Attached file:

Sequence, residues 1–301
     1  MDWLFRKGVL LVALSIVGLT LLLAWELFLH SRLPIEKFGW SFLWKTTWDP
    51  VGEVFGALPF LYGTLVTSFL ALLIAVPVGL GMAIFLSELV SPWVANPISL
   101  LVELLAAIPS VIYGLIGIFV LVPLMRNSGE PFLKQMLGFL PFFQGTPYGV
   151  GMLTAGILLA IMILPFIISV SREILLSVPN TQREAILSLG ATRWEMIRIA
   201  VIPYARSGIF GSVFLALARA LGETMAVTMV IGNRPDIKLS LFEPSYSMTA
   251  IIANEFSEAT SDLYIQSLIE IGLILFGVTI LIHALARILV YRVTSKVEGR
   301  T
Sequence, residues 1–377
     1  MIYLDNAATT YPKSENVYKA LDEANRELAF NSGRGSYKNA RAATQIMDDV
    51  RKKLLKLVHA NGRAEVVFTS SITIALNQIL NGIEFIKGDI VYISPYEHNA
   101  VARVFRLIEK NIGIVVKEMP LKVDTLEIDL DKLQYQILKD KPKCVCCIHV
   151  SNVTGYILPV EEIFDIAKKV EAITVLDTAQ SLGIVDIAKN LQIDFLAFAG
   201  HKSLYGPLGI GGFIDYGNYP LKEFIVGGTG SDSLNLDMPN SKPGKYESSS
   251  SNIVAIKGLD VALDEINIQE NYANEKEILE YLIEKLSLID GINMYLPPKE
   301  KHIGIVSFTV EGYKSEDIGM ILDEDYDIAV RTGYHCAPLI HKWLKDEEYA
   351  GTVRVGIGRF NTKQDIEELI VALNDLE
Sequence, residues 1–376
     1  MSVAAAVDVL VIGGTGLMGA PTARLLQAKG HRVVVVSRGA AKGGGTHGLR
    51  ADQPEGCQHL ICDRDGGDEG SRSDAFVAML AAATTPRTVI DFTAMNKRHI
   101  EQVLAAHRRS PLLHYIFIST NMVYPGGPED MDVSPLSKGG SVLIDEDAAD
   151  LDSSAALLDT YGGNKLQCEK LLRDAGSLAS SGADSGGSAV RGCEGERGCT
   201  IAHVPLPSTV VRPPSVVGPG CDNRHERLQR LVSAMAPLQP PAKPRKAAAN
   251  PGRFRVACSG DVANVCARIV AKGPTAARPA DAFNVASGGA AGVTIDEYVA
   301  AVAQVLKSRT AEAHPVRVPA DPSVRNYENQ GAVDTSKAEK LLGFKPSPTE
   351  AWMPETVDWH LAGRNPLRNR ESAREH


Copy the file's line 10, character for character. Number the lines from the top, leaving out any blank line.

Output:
     1  MIYLDNAATT YPKSENVYKA LDEANRELAF NSGRGSYKNA RAATQIMDDV